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by Derek Loosvelt | May 30, 2018


graduates celebrating

If you're a fan of David Sedaris' essays, you're likely feeling like I am of the 2018 graduating class at Oberlin College: jealous. Jealous because, last Monday, the best-selling author and comic genius delivered the class of 2018 commencement address. In the address, Sedaris gave the class of 2018 much of the wisdom he'd gained in his 61 years. After passing along the brand names of the only two types of scented candles worth buying (both retail for about $100), Sedaris told the crowd of students to be themselves—"unless yourself is an [unpleasant person]." Sedaris didn't use the words "unpleasant person" but a word that rhymes with "tadpole."

Like he does so well in his essays, Sedaris began with humor before veering into serious territory. He followed his scented-candle and be-yourself-unless bits, among others, with two pieces of sound advice that new and old graduates can use immediately, and for the rest of their lives. One was "always have a few jokes up your sleeve." Sedaris explained, "They come in handy at casual get-togethers and probably don’t hurt at job interviews either, depending on what position you’re applying for.”

Indeed, "Tell me a joke" is an interview question that's been asked for decades and is still commonly used today. A joke (a cleaner one than Sedaris would tell) can also be an excellent icebreaker in work meetings, especially those with clients.

The second piece of sound advice Sedaris had was this: write thank-you letters. “People like doing things for people who are grateful,” Sedaris explained, adding, “I’m not trying to be a guilt monger, I’m trying to help you. But who am I? A fairly successful person, one with a Picasso painting and 10 books under his belt who will go home at the end of this day and write the lovely president of Oberlin to thank her for this degree I do not deserve but am so incredibly grateful for.”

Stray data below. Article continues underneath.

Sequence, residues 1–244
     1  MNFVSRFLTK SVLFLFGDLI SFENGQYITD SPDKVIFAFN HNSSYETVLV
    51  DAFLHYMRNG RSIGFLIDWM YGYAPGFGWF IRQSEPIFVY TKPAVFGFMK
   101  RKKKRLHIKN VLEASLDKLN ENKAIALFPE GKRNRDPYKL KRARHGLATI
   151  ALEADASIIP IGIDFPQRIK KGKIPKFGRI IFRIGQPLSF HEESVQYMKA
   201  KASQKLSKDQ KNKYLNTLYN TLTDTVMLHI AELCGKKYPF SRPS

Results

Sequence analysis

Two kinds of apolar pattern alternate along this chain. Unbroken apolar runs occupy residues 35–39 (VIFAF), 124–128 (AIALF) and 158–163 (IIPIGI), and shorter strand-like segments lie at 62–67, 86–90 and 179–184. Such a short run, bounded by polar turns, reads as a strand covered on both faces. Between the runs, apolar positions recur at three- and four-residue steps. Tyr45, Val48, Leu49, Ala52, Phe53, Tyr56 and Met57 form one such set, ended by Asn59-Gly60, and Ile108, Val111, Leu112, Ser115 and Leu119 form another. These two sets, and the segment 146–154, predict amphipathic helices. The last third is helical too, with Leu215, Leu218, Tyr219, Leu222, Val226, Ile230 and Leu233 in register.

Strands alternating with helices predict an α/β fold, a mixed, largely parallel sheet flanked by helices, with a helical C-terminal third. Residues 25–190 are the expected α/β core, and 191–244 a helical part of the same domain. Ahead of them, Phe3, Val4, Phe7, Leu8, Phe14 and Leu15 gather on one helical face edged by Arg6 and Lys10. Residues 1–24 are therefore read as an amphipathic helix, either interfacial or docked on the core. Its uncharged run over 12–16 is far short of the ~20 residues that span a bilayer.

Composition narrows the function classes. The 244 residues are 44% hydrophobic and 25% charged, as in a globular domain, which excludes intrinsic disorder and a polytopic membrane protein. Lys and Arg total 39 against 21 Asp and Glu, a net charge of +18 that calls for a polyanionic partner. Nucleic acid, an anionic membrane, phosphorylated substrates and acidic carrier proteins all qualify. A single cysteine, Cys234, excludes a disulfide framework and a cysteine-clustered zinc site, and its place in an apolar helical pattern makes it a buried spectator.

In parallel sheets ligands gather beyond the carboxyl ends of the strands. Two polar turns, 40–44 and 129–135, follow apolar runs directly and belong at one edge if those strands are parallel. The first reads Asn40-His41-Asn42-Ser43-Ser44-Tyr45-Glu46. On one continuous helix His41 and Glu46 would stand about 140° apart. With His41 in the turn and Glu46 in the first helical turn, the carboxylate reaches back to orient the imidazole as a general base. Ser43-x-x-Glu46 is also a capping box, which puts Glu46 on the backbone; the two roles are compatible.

Perhaps the most Sedaris-like (contrarian, heartfelt, hilarious, weird) advice that Sedaris has for recent grads is as much for grads' parents as for grads themselves. It's advice that Sedaris passed along (tested) during a recent Late Show with Stephen Colbert appearance.

Speaking with Colbert, Sedaris urged grads to ditch the ubiquitous "make sure you have something to fall back on" advice that parents often give their kids, especially those pursuing arts careers. Sedaris said if you have something to fall back one, then that's what you'll do: you'll fall back.

Sedaris wasn't going for laughs; he was dead serious. He then explained that grads, if they follow his advice, won't have to worry about not making too much money just yet because, "at 22, you're built for poverty." Which is to say, young, healthy, and not a 61-year-old gray-haired man like Sedaris who recently had a tumor removed from his body and then fed it to a snapping turtle (true story).

The point Sedaris was making is that young grads should go after what they believe in and what they truly want. He doesn't want grads' "day jobs" to become their "main jobs," which they so easily can if passions aren't fully pursued. Sedaris was also saying that when you're just out of college, you're indeed physically at your strongest, able to put in the grueling work needed to go after what you really want. That is, you're physically able to suffer for your art (or science). You're able to operate on fewer hours of sleep, walk instead of Uber everywhere, and have a much higher tolerance for cheap meals (or skipping meals) and living in less-than-five-star accommodations.

Of course, not having a fallback plan means you won't be able to buy many, or any, scented candles made by companies called Trudon or Diptyque. But a good joke costs nothing. And I'm betting that Sedaris would be more than happy to lend you some pen and paper for your thank-you notes, if not write them for you.

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